Wednesday, September 26, 2012

Kouign Amann (aka Those French Pastries)

A few weeks ago, someone brought pastries to the office. I wandered through and grabbed one that I thought looked interesting. When I ate it, my little brain exploded. It was flaky, buttery, sweet, crispy, caramely, and knew immediately that I must learn to make it. 

One problem. I had no idea what the heck it was. 

And no one else in the office knew (especially since I had eaten it and had to describe it to folks instead of showing them). 

I was distraught. How on earth could I make it, if I couldn't even figure out what it was called??

I proceeded to forget about it in the front half of my brain, and go on with my existence. But it was still there. In the depths of my subconscious. That yearning desire. 

And then - miracle! While Mr. S and I were moseying around the Eat Real festival, there it was!! Stacks of them!! But I still had no idea what it was. 

There was a sign that said Kouign Amann and listed flavors. 

I felt like an idiot. I still had no idea how on earth what to call them. So I asked. The kind lady behind the table said they are called koo-WEEN a-mon. I made her repeat it. Several times. 

Then came home and googled the heck out of them. 

Trust me. They are worth the effort.  

And, since no one can pronounce their actual name, henceforth they shall be known an "Those French Pastries."

Start with the dough. Weigh your flour. Trust me, it's pastry. Weigh it.

Then toss it, the salt (that you weighed), and butter in the mixing bowl of your stand mixer with the dough hook attachment. 

Next, mix the yeast in the warm water and let sit for a minute.

Pour the yeast water into the flour and turn it on low. Let a ball form and then let the ball get tossed around by the dough hook for 10 minutes. 

Grab the dough and form it into a ball. Slash the top with a knife to give it a crossed bun look. Grease the bowl, place the dough in, and cover with plastic wrap.

Let the dough rise in a warm place for 45 minutes. 

In the 43rd minute, get your butter out of the fridge and slice it into 1/4" thick slices, long-ways.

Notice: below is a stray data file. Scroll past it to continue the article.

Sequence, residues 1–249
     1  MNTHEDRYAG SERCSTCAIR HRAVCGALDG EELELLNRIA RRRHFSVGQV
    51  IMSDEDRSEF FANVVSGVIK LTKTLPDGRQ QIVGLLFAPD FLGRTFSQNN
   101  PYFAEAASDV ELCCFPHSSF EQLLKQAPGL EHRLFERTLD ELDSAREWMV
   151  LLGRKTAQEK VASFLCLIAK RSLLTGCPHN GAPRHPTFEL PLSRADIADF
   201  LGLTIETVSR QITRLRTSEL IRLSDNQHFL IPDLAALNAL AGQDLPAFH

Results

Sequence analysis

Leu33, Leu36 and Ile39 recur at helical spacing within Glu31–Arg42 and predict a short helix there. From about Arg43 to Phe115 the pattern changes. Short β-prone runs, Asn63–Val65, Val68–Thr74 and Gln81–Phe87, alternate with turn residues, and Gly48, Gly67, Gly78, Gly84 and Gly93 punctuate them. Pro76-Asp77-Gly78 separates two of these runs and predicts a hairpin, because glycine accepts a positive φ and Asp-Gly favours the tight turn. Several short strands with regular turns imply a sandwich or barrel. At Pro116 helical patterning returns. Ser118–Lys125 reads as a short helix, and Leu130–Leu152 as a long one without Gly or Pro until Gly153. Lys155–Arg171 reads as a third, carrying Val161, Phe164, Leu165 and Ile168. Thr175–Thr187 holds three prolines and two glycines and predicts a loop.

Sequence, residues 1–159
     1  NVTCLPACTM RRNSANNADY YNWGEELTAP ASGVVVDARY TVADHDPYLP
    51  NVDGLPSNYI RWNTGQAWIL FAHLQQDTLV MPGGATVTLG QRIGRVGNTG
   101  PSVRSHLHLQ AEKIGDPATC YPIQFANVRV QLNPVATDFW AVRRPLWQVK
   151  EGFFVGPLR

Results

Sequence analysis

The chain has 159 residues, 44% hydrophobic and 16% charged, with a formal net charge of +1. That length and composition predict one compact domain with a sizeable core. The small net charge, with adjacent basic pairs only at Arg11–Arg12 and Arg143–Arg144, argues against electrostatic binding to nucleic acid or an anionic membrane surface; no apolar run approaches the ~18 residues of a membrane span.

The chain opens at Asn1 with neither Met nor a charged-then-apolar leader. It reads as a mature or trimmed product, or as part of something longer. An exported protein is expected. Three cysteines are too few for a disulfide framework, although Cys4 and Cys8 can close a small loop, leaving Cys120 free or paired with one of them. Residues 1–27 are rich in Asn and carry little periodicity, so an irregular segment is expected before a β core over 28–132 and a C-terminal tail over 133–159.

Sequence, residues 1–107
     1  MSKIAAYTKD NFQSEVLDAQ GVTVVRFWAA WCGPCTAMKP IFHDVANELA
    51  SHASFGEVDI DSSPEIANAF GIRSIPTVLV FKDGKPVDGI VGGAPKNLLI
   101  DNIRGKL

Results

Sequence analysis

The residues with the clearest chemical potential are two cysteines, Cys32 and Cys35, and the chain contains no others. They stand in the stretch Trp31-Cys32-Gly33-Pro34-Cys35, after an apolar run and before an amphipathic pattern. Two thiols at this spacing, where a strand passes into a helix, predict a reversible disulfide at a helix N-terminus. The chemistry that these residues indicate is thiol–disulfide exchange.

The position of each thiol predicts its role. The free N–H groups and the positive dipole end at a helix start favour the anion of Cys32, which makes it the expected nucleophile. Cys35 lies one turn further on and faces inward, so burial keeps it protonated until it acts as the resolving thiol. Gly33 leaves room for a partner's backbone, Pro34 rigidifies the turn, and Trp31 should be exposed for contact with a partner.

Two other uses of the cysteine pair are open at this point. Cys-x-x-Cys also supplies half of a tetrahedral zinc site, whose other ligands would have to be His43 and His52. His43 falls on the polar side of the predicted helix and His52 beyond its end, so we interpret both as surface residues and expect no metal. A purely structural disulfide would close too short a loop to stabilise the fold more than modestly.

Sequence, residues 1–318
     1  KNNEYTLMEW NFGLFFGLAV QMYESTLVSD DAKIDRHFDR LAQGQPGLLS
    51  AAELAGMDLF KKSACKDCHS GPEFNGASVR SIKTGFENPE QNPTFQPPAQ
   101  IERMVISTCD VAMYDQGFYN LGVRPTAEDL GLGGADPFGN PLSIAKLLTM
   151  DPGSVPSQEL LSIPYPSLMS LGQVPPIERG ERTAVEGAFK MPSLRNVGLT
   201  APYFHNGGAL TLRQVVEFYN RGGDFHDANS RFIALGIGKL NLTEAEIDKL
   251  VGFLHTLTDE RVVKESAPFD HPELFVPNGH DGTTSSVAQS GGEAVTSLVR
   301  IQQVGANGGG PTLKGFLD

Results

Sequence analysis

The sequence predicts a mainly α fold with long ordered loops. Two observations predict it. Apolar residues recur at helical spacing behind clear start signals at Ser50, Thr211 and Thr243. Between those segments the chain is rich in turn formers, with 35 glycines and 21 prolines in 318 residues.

Sprinkle the surface you're working on with sugar. Take the dough out and roll it out into an 18" x 12" rectangle. Place the butter in the middle. 

Fold the two ends over to meet. Sprinkle the dough with sugar. Roll out the dough (you may need to bang it with the rolling pin a few times to soften the butter). Sugar it. Fold it, sugar it, and roll it out again.

Fold, sugar, and roll at least 5-6 times. If the butter gets too warm, put the dough on a pan and toss it into the freezer for 10 minutes. I had to do this 3-4 times before I got the 6 folds in.

Roll the dough out into a large rectangle, about 26"x 18" big. Be sure to cut off a 1/8" around all the edges, so that the layers show. Cut into 12 squares. 

Look at those layers!!

Fold the corners of the squares into the center.

Butter and sugar the muffin tin (if you have a jumbo muffin tin, that would be the best one to use). 

Put your lovely little dough pillows into the sugared tins. Allow to rise for another 20 minutes.

Bake for 25-30 minutes, or until golden brown. Once browned, immediately turn out, upside-down, onto a cooling rack. 

Serve with panache.

Kouign Amann
Adapted from The Purple Foodie

For the dough:
400 g flour (weigh it)
17 g salt
15 g butter (~1 tbsp)
1 pouch active dry yeast (15 g)
1 c. warm water

For the layering:
3 sticks of butter
200 g sugar

Combine the water, salt, and butter in the bowl of a stand mixer. In a small bowl, mix the yeast and water. Allow to stand for 1 minute. Mix into the flour. Using the dough hook, beat on low until a ball forms. Then beat for 10 minutes to knead the dough. 

Ball the dough up. Grease the bowl and slash the top of the dough in a cross shape. Place the dough in the bowl and cover with cling wrap. Sit in a warm place to rise for 45 minutes. 

In the last few minutes of rising time, take the butter for layering out of the fridge. Slice it into 1/4" thick slices.

Sprinkle sugar on your rolling surface. Roll the dough out into a large rectangle. Place the butter in the middle of the rectangle and fold the two ends over. Dust with sugar. Roll the dough out again, sandwiching the butter in between the dough. Fold the dough over like a book, sugar it, and roll out again. Continue folding, sugaring and rolling for at least 6 folds. The more the better, really. You want to use up all the sugar.

If the dough gets too warm and starts to tear, don't panic. It's totally ok. Just throw it on a pan and toss it in the freezer for 10 minutes. You may have to freezer it a few times during the fold/sugar/roll process.

Once you've got as many folds as you can handle in, roll it out into a large rectangle, about 18" x 26". Cut off a 1/8" on all the sides to expose the flaky layers. Cut it into 12 squares. Fold the corner of each square to the middle.

Butter and sugar a large-size muffin tin. Regular size will work too (that's what I used first), but they are just thicker and more cupcake-like. A real one is more hockey-puck size. Place the folded squares into the sugared tins. Cover with a towel and allow to rise another 20 minutes.

Preheat your oven to 340 degrees (start it preheating when you start the dough on it's second rise). Bake until golden brown, at least 25-30 minutes.

Turn out immediately onto a cooling rack. 

Enjoy the oooohs and aaaaaaahs from your adoring fans!

1 comment:

  1. Wow. you have turned into such an artist. Your food always looks beautiful. It must have come from your father, cause it sure as heck did not come from me. My motto has always been; if it tastes's ok if it doesn't look perfect. My hat is off to you!